DESKTOP
TABLET (max. 1024px)
MOBILE (max. 640px)
Return to Top
Ludwig Van
Toronto Montreal

MAJOR CHORDS | The Origins Of The Canadian National Anthem Revealed In Mozart

By Michael Vincent on June 25, 2014

 

June 24, 1880 marked the anniversary of the first time “O Canada” was ever sung. One hundred years later, on July 1, 1980, it was adopted as Canada’s official national anthem. The music was composed by Calixa Lavallée, and its English lyrics have changed a few times over the years.

But there has been some controversy over the origins of Lavallée’s O Canada. Namely its striking resemblance to Mozart’s March of the Priests from The Magic Flute.

Lavallée: O Canada

Mozart: March of the Priests

After comparing the two, it seems we owe just as much to Herr Mozart as we do to Mr. Lavallée for our nation’s anthem.

Accusations of plagiarism aside, it is actually quite common for national anthems to be inspired by other music. For example, the melody of the American national anthem originated from an old British drinking song called “To Anacreon In Heaven.”

Plagiarism or just creative borrowing? You be the judge.

For those who can read music, you can compare the Canadian national anthem and an excerpt of Mozart’s March of the Priests in more detail below: O_CanadaMozart

#LUDWIGVAN

Want more updates on Toronto-centric classical music news and review before anyone else finds out? Get our exclusive newsletter here and follow us on Facebook for all the latest.

Michael Vincent
Follow me

Michael Vincent

Michael Vincent is the Editor-in-chief Ludwig Van and CEO of Museland Media. He publishes regularly and writes occasionally. As a pioneer in digital media, he has worked as a senior editor for over fifteen years and is a former freelance classical music critic for the Toronto Star. Michael holds a Doctorate in Music from the University of Toronto.
Michael Vincent
Follow me

Share this article
lv_toronto_banner_high_590x300
comments powered by Disqus

Ludwig Van Toronto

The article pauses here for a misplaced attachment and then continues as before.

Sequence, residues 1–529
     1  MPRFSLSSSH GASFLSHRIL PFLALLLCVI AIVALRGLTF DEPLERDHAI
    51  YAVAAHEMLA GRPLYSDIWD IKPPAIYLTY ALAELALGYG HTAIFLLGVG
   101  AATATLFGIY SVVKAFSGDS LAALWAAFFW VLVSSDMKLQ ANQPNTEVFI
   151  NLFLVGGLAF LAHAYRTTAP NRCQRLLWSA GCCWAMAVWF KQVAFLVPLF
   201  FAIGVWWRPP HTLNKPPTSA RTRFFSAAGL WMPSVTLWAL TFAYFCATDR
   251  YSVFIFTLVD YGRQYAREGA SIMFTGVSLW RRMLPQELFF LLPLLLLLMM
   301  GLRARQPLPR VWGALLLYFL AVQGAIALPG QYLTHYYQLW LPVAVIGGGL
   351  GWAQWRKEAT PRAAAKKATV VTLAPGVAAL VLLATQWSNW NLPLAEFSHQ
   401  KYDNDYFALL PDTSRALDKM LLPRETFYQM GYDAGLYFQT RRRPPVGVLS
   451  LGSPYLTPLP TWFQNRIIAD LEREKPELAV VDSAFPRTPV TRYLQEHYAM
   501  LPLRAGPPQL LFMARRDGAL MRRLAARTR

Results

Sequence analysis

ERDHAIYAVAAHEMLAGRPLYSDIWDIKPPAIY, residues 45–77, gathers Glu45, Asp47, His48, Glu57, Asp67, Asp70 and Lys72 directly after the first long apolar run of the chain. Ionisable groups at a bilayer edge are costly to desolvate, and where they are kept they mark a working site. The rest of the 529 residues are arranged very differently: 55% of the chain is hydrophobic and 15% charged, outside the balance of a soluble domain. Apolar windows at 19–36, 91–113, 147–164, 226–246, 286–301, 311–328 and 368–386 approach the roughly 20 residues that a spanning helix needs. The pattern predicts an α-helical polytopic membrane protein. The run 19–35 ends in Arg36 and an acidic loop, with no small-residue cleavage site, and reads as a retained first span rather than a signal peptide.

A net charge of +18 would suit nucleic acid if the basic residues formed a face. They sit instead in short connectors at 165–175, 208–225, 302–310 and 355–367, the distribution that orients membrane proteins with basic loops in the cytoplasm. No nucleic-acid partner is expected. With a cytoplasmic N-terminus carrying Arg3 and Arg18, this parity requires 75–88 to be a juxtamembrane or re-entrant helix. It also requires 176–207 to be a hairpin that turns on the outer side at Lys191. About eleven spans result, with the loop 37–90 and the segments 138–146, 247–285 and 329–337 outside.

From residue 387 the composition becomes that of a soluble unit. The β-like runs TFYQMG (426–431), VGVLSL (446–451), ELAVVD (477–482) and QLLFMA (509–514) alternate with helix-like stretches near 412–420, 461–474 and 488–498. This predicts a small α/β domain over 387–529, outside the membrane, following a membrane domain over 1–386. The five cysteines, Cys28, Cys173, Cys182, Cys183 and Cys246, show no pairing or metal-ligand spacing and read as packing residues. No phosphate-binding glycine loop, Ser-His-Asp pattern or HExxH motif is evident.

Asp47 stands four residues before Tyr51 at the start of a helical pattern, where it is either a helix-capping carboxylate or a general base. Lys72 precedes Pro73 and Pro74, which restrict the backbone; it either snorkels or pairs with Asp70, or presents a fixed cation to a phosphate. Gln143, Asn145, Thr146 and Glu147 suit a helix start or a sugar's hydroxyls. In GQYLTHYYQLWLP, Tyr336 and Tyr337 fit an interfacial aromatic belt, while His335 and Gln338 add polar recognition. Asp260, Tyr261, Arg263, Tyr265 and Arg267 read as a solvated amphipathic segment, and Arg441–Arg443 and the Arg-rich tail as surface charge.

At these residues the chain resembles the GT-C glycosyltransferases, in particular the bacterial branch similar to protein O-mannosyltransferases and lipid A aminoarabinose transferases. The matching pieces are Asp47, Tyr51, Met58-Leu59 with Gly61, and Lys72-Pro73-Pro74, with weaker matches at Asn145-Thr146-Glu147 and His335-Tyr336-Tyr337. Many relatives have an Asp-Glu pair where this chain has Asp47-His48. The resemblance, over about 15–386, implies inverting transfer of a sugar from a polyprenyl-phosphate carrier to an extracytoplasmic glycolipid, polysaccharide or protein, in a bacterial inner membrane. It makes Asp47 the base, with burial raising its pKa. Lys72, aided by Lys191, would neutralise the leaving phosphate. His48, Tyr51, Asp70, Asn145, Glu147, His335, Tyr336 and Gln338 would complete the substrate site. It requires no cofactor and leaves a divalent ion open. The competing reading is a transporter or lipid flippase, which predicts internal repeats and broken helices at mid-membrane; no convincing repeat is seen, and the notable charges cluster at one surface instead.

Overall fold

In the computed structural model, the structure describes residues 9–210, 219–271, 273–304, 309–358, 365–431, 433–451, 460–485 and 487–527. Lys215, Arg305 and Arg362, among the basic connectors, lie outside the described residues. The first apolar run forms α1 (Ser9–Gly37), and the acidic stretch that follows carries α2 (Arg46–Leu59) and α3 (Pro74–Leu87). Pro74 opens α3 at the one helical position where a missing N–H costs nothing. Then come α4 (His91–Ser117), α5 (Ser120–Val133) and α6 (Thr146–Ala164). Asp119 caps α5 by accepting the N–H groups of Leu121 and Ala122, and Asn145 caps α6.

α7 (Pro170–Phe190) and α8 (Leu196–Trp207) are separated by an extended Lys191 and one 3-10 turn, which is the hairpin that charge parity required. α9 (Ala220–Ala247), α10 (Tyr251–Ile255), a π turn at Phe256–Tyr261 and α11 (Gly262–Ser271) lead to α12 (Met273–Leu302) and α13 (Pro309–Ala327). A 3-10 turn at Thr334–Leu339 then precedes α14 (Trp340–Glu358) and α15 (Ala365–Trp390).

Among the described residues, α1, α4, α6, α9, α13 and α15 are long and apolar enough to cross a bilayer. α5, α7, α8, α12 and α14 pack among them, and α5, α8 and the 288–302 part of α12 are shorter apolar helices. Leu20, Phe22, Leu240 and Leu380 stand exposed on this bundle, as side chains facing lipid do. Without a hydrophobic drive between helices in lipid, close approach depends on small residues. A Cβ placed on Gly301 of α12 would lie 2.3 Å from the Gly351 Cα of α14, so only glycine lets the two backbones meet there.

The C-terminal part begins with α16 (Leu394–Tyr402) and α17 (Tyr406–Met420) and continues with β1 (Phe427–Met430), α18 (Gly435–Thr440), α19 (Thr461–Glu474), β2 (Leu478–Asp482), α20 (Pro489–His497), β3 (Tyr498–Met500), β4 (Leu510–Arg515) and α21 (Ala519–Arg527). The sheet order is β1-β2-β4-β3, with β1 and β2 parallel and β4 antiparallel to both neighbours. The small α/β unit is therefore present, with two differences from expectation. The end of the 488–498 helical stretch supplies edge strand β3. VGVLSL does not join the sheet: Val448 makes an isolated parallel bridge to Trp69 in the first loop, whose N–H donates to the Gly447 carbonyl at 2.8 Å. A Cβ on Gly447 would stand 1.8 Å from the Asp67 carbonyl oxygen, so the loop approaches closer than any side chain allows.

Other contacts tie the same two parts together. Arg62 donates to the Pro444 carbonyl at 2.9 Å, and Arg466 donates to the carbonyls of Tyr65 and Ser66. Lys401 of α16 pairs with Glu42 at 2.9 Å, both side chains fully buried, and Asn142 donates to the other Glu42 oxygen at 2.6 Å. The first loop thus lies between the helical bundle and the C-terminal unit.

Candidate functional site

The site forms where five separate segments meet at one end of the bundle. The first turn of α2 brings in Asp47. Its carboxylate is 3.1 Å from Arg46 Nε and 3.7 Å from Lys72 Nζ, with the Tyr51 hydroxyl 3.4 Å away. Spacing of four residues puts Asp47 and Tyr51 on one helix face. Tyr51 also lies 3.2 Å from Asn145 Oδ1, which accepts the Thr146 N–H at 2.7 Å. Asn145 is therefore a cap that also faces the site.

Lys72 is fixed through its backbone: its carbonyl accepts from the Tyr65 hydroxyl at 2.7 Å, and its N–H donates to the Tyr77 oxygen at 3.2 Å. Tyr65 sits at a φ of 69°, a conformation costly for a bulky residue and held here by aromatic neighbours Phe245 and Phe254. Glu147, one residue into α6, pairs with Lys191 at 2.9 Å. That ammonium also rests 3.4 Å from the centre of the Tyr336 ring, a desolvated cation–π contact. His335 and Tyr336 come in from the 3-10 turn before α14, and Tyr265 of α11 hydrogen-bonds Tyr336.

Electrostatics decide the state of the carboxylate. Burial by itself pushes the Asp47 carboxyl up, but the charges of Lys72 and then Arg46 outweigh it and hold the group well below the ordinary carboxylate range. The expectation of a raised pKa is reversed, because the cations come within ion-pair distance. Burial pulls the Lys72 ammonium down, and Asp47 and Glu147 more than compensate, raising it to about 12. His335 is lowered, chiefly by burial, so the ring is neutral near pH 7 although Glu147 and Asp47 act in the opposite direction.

SCRUTINY | Soundstreams’ Two Odysseys Pushes Musical Boundaries For Excellent And Thoughtful Theatrical Experience

By Paula Citron on November 15, 2019

This unique Indigenous/Western hybrid pushes the boundaries of classical music, while making for a most satisfying theatrical experience.
Read the full story Comments
Share this article
lv_toronto_banner_high_590x300

LEBRECHT LISTENS | A New Holiday Season Choral Release That Isn’t About Christmas

By Norman Lebrecht on November 29, 2019

The Purcell Singers latest release is a compelling spiritual journey through British and American choral works.
Read the full story Comments
Share this article

LEBRECHT LISTENS | Mining The Corners Of Beethoven’s Chaotic Work Desk

By Norman Lebrecht on December 13, 2019

British pianists Peter Hill and Benjamin Frith reveal the genius in some of Beethoven's lesser known works on this Delphian release.
Read the full story Comments
Share this article
lv_toronto_banner_low_590x300
lv_toronto_ssb_atf_300x300
lv_toronto_ssb_high_300x300
lv_toronto_ssb_mid_300x300
lv_toronto_ssb_low_300x300
lv_toronto_tsb_high_300x700
lv_toronto_tsb_low_300x700
lv_toronto_ssb_atf_300x300
lv_toronto_ssb_high_300x300
lv_toronto_ssb_mid_300x300
lv_toronto_ssb_low_300x300
lv_toronto_tsb_high_300x700
lv_toronto_tsb_low_300x700

We have detected that you are using an adblocking plugin in your browser.

The revenue we earn by the advertisements is used to manage this website. Please whitelist our website in your adblocking plugin.